By Sy Mukherjee
September 14, 2017

In a milestone, the Food and Drug Administration (FDA) on Thursday green lit the first-ever mobile medical app to help treat people with substance use disorders (SUDs). The Reset device is designed by Pear Therapeutics and now cleared to assist in outpatient therapy for alcohol, cocaine, marijuana, and stimulant addiction—although it is notably not permitted for treating opioid dependence.

So just how does an app assist in addiction therapy? The Reset device has both a patient and clinician element to it, and it provides a form of treatment called cognitive behavioral therapy. That might mean helping SUD patients learn practical skills to help keep them abstain from the drugs they’re abusing and stay with their rehab programs. It’s not a standalone treatment, though—it’s supposed to be used alongside outpatient addiction therapy and an incentive-based system which rewards patients for staying clean and adhering to recommended treatment.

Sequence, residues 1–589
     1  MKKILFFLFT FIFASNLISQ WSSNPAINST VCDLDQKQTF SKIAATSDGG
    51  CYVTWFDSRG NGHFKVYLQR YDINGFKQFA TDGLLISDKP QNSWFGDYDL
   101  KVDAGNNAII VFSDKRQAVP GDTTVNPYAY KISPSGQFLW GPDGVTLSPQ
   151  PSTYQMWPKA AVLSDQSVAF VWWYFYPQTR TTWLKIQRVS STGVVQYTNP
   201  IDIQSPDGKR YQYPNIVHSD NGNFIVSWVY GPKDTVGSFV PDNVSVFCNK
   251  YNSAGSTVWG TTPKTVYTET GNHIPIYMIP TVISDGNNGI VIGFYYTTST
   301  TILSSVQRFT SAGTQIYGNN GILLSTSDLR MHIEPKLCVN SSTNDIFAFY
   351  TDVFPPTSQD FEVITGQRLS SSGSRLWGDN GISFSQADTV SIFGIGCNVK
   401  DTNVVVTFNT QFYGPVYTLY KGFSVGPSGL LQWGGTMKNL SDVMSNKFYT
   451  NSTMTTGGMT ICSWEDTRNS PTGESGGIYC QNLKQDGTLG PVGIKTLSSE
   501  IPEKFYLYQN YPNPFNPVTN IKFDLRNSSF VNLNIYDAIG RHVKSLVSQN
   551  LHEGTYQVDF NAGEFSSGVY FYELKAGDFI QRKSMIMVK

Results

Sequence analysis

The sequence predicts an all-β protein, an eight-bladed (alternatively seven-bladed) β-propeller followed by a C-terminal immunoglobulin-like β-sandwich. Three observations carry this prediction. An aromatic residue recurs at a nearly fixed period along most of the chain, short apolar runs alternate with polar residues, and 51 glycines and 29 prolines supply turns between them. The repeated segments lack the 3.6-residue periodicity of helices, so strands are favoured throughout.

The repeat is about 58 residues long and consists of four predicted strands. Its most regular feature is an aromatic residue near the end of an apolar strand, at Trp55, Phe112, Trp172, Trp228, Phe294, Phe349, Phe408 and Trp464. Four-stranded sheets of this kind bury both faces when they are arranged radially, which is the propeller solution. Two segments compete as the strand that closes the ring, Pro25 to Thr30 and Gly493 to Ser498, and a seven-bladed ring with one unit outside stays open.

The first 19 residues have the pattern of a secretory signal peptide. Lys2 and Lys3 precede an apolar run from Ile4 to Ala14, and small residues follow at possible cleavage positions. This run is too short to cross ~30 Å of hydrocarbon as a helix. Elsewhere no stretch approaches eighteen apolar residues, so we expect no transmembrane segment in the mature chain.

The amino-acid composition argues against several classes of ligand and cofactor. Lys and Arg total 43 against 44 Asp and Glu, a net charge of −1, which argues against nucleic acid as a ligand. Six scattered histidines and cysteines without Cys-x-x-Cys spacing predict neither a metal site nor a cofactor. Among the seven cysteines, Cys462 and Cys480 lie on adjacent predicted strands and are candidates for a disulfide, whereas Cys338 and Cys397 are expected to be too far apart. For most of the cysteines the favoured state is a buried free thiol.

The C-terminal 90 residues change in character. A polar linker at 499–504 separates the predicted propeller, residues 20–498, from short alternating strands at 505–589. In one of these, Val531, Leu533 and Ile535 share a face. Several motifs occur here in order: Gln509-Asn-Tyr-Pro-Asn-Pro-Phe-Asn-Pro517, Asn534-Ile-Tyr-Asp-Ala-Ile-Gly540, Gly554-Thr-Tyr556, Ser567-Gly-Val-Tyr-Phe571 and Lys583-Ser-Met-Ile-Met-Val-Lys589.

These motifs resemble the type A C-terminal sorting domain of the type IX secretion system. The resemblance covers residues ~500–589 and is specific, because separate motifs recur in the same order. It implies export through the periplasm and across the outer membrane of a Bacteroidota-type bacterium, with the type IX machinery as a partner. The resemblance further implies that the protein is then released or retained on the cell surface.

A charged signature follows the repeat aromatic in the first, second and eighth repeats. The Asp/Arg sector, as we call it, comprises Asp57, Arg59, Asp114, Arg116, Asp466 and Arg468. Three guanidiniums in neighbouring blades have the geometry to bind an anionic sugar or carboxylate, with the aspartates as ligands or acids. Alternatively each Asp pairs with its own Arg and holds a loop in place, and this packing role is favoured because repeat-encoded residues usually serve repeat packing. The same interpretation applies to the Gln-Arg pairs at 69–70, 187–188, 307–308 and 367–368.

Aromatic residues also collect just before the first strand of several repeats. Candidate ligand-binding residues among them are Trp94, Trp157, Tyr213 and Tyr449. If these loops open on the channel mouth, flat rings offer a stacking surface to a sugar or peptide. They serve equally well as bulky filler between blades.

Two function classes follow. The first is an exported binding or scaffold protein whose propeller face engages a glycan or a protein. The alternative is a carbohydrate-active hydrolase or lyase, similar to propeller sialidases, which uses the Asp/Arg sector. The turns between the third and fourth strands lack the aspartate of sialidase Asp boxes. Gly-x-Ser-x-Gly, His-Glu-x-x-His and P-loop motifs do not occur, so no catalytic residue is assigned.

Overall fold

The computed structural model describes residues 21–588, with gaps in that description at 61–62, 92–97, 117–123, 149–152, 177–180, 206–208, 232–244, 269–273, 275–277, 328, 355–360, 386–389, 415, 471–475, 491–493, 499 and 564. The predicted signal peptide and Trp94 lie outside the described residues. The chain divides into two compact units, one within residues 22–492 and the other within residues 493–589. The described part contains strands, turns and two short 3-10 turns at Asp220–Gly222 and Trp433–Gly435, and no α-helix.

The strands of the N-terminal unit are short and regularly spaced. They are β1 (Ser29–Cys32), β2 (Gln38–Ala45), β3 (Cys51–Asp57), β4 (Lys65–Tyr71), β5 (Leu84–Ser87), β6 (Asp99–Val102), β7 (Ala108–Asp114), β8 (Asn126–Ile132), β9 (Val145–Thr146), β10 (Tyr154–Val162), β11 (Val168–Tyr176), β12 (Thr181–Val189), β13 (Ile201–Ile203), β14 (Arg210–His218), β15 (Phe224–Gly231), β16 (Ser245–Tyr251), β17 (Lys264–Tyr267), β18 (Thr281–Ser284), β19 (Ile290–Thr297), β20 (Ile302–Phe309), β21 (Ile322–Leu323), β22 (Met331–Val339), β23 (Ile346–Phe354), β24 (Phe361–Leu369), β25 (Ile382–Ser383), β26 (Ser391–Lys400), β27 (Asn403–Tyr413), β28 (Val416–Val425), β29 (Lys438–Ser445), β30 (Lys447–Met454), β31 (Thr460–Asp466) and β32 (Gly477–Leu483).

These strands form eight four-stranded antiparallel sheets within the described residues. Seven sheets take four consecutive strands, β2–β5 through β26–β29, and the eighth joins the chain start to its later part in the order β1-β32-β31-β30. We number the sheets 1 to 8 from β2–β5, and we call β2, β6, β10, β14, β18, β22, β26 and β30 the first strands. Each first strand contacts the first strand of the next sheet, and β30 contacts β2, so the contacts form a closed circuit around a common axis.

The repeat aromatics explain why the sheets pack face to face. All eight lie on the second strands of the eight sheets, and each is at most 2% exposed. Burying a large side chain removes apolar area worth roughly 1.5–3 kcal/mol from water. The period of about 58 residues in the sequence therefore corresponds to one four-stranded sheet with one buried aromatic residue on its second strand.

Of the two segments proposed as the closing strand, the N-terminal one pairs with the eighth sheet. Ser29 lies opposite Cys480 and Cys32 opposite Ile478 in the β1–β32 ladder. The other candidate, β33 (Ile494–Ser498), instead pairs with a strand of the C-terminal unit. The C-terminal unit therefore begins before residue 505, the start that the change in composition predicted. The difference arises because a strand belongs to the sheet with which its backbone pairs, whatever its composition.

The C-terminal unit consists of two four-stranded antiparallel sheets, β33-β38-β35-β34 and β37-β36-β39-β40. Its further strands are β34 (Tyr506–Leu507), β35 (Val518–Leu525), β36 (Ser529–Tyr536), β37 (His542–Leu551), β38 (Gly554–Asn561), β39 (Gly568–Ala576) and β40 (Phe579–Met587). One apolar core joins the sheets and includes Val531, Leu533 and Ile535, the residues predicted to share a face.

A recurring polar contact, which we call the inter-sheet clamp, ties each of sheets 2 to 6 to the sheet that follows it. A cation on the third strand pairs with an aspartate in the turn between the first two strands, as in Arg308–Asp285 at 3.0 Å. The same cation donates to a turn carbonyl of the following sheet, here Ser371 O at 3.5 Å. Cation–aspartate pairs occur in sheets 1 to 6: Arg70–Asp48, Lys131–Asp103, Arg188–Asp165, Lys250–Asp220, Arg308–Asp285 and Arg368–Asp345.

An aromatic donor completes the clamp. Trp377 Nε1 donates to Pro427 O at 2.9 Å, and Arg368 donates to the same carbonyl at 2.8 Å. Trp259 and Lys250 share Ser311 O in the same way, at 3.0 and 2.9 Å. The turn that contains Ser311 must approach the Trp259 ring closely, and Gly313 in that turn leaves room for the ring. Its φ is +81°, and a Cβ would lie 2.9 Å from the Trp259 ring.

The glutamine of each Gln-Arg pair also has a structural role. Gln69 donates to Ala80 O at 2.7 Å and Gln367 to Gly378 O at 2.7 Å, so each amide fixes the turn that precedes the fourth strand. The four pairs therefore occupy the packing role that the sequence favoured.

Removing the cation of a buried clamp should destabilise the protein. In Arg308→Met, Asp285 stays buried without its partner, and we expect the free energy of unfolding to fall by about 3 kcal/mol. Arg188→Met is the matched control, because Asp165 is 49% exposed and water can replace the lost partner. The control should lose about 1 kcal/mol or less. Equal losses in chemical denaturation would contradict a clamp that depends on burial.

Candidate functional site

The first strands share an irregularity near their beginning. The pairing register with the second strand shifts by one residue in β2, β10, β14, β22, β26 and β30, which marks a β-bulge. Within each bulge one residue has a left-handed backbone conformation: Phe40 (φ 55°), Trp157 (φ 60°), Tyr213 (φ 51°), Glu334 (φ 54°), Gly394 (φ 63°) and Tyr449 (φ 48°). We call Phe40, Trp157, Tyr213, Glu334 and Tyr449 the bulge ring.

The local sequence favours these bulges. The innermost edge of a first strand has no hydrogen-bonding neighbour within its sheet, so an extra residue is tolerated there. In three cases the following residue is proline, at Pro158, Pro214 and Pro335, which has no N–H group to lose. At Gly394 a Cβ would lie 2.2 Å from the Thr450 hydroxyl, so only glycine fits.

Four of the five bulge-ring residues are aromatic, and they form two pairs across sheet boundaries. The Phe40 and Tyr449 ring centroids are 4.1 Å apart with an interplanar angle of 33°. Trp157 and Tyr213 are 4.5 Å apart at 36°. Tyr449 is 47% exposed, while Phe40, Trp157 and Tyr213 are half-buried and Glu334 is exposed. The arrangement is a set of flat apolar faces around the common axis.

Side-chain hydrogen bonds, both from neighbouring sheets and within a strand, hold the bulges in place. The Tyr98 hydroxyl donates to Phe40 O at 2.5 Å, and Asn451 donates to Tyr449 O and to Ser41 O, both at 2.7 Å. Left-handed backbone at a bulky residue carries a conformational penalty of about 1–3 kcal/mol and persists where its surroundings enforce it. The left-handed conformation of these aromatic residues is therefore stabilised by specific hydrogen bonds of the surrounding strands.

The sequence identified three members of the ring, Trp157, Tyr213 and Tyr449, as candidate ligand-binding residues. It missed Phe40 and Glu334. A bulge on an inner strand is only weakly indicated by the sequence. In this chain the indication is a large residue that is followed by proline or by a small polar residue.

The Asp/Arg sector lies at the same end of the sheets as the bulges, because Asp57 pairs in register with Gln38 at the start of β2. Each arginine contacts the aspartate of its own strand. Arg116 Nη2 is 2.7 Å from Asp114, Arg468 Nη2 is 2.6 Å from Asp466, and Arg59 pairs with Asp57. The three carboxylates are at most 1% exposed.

Clinical studies underscored the digital health technology’s promise. More than 40% of patients who used the Reset system in addition to standard therapy abstained from alcohol, cocaine, marijuana, and stimulant substance abuse over a three month period, compared with 17.6% abstinence for those receiving standard therapy alone, according to the FDA.

A growing number of digital health firms and biopharma giants are embracing the idea of using mobile apps as medical add-ons to bolster conventional drugs—or even replace them altogether. For instance, startup Omada Health has a tech-based diabetes prevention program that uses an online support community and digital scale to keep people at risk for the disease healthy enough to avoid it. It’s been effective enough to win federal reimbursements.

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